The best place to eat in Puerto Rico, if you are not vegan and if you want casual, authentic food, is one of the many purveyors of " comidas criollas" - the local, indigenous cuisine of Puerto Rico that features plenty of familiar dishes involving rice, beans, plantains, and - meat. I would notice produce trucks like the one above delivering to these joints, so that I knew that if nothing else, I could find plenty of plantains there. And I was right- throughout the week I ate plantains in every form imaginable (sweet ( amarillos ), mashed (mangu), fried ( tostones ), balls ( bollitas ), chips, etc.) They are very delicious and filling- I'm lucky that I love plantains, though!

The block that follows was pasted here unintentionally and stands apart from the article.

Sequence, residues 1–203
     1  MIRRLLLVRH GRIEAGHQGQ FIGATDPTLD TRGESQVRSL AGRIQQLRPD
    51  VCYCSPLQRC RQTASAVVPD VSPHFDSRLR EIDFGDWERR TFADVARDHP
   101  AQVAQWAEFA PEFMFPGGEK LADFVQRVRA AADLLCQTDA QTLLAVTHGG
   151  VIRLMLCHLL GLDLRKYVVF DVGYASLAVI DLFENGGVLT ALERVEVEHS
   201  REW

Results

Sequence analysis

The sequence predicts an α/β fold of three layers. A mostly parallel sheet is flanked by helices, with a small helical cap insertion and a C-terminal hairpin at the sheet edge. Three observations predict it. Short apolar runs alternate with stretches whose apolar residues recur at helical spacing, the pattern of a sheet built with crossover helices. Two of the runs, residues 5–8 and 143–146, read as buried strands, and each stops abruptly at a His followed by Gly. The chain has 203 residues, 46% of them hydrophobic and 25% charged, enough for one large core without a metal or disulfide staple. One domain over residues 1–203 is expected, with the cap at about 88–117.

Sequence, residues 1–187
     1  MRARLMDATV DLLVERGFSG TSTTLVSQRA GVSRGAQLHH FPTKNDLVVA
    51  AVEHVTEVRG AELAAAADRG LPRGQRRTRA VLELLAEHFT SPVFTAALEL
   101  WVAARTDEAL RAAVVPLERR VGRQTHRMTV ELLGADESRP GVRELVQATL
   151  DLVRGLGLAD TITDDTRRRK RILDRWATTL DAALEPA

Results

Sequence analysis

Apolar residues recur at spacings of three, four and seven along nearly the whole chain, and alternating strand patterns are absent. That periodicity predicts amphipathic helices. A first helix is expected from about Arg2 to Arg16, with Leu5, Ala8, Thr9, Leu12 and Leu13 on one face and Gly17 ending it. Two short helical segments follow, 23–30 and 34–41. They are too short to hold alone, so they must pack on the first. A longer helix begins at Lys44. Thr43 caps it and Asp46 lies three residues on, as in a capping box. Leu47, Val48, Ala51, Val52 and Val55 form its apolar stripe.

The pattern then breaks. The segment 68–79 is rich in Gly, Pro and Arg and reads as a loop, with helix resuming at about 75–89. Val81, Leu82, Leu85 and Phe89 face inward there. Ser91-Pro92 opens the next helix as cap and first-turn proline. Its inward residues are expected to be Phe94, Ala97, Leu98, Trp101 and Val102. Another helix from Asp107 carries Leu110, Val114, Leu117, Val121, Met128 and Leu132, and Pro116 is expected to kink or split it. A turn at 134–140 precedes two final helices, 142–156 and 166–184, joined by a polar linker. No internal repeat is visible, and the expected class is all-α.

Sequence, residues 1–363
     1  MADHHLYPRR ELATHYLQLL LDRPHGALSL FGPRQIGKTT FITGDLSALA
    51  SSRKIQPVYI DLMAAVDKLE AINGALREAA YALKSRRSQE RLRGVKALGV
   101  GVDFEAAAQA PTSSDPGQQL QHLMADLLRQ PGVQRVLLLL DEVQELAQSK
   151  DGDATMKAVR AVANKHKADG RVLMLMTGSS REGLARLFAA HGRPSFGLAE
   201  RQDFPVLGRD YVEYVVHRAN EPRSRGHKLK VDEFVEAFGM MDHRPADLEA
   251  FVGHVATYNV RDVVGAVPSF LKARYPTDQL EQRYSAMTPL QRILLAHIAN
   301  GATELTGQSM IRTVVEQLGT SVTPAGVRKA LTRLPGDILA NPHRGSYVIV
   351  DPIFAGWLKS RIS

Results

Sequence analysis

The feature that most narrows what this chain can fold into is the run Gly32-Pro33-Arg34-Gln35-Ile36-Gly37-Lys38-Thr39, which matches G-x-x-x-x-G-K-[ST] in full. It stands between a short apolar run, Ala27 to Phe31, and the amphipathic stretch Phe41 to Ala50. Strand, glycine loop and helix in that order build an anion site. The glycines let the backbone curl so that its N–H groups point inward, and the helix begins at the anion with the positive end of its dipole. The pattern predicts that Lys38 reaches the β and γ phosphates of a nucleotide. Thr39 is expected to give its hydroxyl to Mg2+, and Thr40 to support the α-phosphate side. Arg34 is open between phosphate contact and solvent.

I had to remember that in Puerto Rico with coffee, as in England with tea, you often get it with milk unless you expressly mention that you don't want it. Here is a typical photo of cafe sin leche for me, and cafe con leche for Daiku. On really hot days, we would also ask for some ice to make our own gonzo iced coffees with. I noticed that even the smallest establishments in Puerto Rico tended to have really fancy espresso machines, so that most of the coffee we drank there was excellent in flavor and quality. (It doesn't hurt that they grow their own coffee beans on the island, either!)
A big seitan patty and some grilled peppers and onions, served on a sandwich with tomatoes, sprouts, red onions, and lettuce. Not exactly Puerto Rican, but a delicious and fun way to end my stay at the island.
Yet another tree brimming with tropical fruit- this time giant papayas.